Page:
The rumors are true: After the one-two-three punch of Tesis, Open Your Eyes, and The Others, Alejandro Amenábar has gone completely out of his mind. Based on the true story of Ramón Sampedro, a quadriplegic who spent almost 30 years fighting for the right to end his life with dignity, this inexplicably lauded movie-of-the-week has none of the unnerving visual intensity of Amenábar’s previous features. Except for an over-the-top trip to a Spanish court and numerous flights of fancy to the beach where he became a cripple, Javier Bardem’s Ramón is more or less confined to a single room for the entirety of the film, and yet there isn’t an iota of pent-up anxiety and claustrophobia to Amenábar’s visuals. If the director felt his signature neo-gothic aesthetic might betray Ramón’s life, his ambivalence shows.
The The Sea Inside begs comparisons to two far superior films: Mike Leigh’s Vera Drake and Tim Robbins’s Dead Man Walking. Both are “issue films,” but they’re hardly as trite, single-minded, or preachy as The Sea Inside. In Dead Man Walking, Robbins blurs the lines between right and wrong and successfully taps into the emotional and moral essence of an ongoing problem with the American judicial system. In Vera Drake, Imelda Staunton’s titular character is engaged in a similar right-to-choose struggle as Bardem’s Ramón, except she’s considerably more complex. Considerate but wildly naïve, Vera Drake is an all-too-human victim—like Sean Penn’s death row inmate—of a callous moral and political regime. Unlike those two films, the schematic Sea Inside lacks cultural perspective.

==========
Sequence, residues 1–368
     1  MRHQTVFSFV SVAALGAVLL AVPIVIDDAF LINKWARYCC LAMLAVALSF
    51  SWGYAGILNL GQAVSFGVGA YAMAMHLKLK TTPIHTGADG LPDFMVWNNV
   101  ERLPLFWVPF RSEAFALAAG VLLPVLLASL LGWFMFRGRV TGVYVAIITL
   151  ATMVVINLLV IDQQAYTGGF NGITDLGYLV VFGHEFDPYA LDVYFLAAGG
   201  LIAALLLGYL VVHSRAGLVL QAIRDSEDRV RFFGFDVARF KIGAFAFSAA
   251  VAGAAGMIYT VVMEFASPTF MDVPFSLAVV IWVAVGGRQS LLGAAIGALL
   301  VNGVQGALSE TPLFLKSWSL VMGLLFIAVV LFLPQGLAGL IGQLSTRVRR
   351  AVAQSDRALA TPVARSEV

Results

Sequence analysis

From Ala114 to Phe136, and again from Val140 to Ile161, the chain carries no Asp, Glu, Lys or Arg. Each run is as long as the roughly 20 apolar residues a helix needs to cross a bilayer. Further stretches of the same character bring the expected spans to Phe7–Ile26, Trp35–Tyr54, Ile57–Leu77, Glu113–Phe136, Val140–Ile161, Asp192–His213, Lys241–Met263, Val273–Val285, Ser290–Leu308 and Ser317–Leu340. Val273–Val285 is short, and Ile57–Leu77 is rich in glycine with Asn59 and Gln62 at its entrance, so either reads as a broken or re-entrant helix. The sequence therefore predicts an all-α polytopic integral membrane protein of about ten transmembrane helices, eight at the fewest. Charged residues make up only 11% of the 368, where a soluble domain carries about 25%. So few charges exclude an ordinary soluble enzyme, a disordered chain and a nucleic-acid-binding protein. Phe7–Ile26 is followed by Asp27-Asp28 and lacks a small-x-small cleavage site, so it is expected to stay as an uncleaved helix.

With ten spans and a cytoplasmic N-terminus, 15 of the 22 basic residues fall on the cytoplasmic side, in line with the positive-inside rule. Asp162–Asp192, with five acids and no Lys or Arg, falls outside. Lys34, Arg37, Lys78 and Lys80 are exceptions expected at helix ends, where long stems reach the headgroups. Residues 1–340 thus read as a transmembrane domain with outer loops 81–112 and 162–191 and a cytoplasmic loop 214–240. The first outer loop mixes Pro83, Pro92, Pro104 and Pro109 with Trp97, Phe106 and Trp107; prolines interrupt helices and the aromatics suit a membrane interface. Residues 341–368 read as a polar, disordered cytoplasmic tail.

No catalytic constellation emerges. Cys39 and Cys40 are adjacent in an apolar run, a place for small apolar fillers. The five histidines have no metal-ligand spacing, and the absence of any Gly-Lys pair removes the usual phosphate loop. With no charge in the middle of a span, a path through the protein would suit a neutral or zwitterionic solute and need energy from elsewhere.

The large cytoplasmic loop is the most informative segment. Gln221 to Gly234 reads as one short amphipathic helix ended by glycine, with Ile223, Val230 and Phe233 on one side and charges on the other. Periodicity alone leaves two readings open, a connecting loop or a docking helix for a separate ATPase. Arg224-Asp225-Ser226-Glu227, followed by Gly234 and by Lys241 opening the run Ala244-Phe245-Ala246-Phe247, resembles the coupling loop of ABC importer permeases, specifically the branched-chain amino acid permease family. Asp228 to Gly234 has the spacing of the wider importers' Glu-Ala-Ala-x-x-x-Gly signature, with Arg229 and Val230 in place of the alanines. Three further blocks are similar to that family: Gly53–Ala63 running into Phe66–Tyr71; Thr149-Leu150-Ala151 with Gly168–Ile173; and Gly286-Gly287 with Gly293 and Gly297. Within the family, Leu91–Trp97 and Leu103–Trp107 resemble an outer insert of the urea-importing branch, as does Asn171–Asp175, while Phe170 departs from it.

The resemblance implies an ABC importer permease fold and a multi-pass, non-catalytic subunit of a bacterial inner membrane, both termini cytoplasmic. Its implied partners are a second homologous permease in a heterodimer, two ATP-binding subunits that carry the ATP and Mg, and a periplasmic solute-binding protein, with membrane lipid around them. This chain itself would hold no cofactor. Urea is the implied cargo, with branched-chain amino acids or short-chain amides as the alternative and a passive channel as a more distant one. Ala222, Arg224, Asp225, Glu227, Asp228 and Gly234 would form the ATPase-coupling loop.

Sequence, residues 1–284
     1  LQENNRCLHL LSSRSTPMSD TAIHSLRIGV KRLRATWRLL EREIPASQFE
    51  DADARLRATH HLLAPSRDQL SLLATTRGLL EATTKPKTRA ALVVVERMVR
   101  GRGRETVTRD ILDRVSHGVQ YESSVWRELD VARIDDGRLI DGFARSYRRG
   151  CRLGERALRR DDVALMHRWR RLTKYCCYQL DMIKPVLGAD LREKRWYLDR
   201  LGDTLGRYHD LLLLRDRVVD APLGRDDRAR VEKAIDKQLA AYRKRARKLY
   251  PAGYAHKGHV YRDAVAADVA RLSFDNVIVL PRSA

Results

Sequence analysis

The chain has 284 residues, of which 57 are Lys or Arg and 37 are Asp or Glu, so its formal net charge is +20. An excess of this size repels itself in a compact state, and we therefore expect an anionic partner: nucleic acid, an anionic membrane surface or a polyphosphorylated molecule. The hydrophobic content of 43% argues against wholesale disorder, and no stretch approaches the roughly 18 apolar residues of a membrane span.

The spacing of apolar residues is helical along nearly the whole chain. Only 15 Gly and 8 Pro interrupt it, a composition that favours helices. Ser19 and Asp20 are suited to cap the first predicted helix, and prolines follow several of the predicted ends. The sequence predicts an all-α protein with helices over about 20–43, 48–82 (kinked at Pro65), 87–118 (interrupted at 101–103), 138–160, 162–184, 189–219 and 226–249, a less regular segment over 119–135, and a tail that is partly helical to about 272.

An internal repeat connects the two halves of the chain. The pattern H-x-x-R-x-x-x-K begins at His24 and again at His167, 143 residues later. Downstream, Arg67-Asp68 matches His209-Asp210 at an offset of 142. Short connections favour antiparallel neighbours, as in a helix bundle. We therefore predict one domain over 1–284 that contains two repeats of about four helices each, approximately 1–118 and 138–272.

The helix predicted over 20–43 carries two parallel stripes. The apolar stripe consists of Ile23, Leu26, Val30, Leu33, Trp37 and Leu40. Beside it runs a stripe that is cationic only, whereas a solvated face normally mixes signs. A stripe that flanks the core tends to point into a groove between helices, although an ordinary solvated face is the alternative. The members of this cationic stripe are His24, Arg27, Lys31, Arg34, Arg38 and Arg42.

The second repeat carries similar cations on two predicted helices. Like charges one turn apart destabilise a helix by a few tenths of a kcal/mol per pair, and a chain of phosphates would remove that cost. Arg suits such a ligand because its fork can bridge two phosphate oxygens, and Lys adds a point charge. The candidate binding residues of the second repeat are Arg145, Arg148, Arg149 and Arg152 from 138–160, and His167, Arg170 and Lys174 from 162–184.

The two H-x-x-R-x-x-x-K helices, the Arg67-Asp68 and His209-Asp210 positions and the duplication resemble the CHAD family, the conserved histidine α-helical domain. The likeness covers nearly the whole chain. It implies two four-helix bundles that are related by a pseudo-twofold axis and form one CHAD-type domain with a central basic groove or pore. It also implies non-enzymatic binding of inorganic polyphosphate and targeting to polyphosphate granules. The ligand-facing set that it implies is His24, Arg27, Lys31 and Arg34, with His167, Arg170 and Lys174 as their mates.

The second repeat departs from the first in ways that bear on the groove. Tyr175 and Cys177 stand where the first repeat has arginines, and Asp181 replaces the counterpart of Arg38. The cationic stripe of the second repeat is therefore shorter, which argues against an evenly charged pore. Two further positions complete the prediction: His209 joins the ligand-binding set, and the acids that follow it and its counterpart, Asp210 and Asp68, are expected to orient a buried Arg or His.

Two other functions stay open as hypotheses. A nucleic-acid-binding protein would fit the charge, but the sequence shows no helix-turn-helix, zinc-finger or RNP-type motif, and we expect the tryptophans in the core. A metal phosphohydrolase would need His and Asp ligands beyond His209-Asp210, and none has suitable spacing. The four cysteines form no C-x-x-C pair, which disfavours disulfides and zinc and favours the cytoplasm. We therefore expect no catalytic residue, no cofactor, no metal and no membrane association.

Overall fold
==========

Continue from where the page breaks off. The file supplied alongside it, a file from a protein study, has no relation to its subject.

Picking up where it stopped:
According to the film’s press notes, several characters—namely Julia (Belén Rueda), the attorney in charge of Ramón’s right-to-die campaign, and Javi (Tamar Novas), the man’s nephew—are composites of real life people, creative liberties that clearly show. Both Julia and Rosa (Lola Dueñas)—a local woman who wants Ramón to embrace life, are gimmicky pawns in a carefully charted melodrama (indeed, you can almost trace on the screen the character trajectories the women make throughout the film). Hired because she’s also suffering from a degenerative disease and as such understands Ramón’s pain, Julia seems to exist only to provide Ramón with one of two questionable love interests and help pump up the story’s cheese factor: When she faints and falls down the stairs, Ramón is naturally unable to save her. Is this trite scenario aimed at the anti-euthanasia crowd? Either way, great filmmakers don’t have to try this hard to appeal to our emotions.
As wonderful as he is here, Bardem is but a mouthpiece for the film’s pro-euthanasia agenda, which does most of the thinking for the audience. A no-brainer in more ways than one, the film is both recklessly melodramatic and shamelessly reductive: In order to heighten the heartbreak of Ramón’s final familial farewell, Javi chases after the van that takes his uncle away from the house (only in the movies!); even worse, Amenábar casually suggests that Ramón’s swimming accident in his twenties happened because the playboy was checking out a chick in a bikini before diving into the shallow water below his feet. The film is “uplifting”: Ramón cracks funny jokes. The film is “sexy”: Though he can’t feel anything between his legs, he still scores with the ladies. The film is “intelligent”: Someone says “rhetoric” and “euphemism” in the same sentence! In short, The Sea Inside is a four-hankie salute to the Oscar gods!